That’s when the German Ministry of Transport utilized his construction on some passenger liners. Both of the ships used twin 10-cylinder diesel engines that produced over 2000 horsepower thanks to his turbochargers.
Then, during World War I, Renault engines also utilized the design in some French fighters. Even in 1918, Sanford Alexander Moss used a turbocharger on his V12 Liberty engine to demonstrate that it would eliminate power loss at reduced air pressures. To prove his point he tried the engine at Pikes Peak at 14,000-feet in Colorado.
Turbochargers found their way into aircraft engines, locomotives, and ships during the 1920s. They were popular in American aviation, especially during World War II. Now you’ll find them in many commercial and passenger vehicles, specifically on smaller engines. That’s because they provide high torque and power while producing fewer emissions.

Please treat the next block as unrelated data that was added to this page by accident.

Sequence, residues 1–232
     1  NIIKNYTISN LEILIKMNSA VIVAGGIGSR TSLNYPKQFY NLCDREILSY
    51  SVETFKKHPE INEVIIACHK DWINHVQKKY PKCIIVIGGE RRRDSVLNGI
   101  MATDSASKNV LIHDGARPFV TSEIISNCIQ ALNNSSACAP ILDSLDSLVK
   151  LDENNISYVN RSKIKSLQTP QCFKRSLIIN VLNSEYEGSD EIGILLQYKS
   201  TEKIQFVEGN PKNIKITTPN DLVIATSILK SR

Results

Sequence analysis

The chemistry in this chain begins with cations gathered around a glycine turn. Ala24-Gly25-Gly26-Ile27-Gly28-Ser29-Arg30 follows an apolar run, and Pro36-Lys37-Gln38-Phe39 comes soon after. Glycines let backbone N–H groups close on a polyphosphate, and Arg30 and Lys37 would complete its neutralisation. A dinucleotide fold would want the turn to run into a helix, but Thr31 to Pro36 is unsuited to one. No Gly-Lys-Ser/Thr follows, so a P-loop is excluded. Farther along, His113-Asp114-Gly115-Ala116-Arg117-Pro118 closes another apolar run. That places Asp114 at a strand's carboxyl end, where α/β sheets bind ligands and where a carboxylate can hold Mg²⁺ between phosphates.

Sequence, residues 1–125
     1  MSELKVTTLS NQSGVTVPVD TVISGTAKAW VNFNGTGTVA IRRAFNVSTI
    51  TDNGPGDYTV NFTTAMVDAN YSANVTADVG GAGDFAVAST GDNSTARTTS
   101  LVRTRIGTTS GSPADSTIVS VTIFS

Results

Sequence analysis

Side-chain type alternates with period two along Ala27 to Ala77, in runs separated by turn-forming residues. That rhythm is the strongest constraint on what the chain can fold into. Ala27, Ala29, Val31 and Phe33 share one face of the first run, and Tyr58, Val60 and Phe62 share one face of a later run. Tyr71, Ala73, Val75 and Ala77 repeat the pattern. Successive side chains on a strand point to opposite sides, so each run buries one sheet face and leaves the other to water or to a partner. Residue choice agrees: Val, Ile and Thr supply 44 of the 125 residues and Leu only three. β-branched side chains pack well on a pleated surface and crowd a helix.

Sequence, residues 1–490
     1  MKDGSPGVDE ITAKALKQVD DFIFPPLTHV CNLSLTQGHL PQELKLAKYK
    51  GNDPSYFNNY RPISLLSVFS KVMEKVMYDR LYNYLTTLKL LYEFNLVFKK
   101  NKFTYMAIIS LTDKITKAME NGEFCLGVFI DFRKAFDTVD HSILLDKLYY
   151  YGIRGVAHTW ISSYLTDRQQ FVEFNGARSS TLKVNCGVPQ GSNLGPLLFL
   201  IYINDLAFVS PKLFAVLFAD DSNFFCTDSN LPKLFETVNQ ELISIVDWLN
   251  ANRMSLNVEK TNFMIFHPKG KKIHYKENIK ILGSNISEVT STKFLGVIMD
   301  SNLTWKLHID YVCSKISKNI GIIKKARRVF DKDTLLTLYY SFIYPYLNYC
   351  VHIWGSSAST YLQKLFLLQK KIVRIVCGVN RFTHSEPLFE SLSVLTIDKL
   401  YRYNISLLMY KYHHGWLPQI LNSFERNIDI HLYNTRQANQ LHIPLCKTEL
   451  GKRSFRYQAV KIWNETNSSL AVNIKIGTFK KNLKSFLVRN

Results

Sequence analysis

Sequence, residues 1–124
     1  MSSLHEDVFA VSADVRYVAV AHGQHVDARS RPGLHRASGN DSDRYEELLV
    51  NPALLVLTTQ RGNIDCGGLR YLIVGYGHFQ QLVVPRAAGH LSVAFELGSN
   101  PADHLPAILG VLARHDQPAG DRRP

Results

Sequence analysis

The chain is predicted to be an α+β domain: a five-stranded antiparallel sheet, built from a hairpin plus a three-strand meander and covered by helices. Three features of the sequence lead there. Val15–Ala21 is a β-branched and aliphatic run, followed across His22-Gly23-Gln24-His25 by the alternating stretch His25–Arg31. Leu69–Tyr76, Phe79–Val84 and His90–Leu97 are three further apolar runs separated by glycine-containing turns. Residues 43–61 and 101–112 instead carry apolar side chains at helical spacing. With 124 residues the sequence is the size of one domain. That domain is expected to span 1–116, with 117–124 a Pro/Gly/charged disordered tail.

What is a Twin Turbo?
If you’re wondering the difference between a supercharger vs twin turbo, we’ve got your answer. The twin-turbo, otherwise known as a bi-turbo features two distinct turbochargers that work together in unison or a sequence.
When they are set up in parallel, both of them feed half of the engine’s exhaust. In a sequence, one of the turbochargers runs during low speeds while the other handles a specified load. With a sequential setup, you see less turbo lag, but you’ll require different pipes to feed both of them. You’ll find a twin-turbo design in diesel engines as well a boxer or V-shape design.
A twin turbo is very different from a twincharger. Twincharging refers to an engine that features both a turbo and supercharger, as seen with some Volvo motors.
What is a Supercharger?
With the supercharger, you notice an air compressor design which increases the density and pressure of the air forced into an internal combustion engine. With each cycle of the engine, it receives additional oxygen which helps it to burn extra fuel and add power.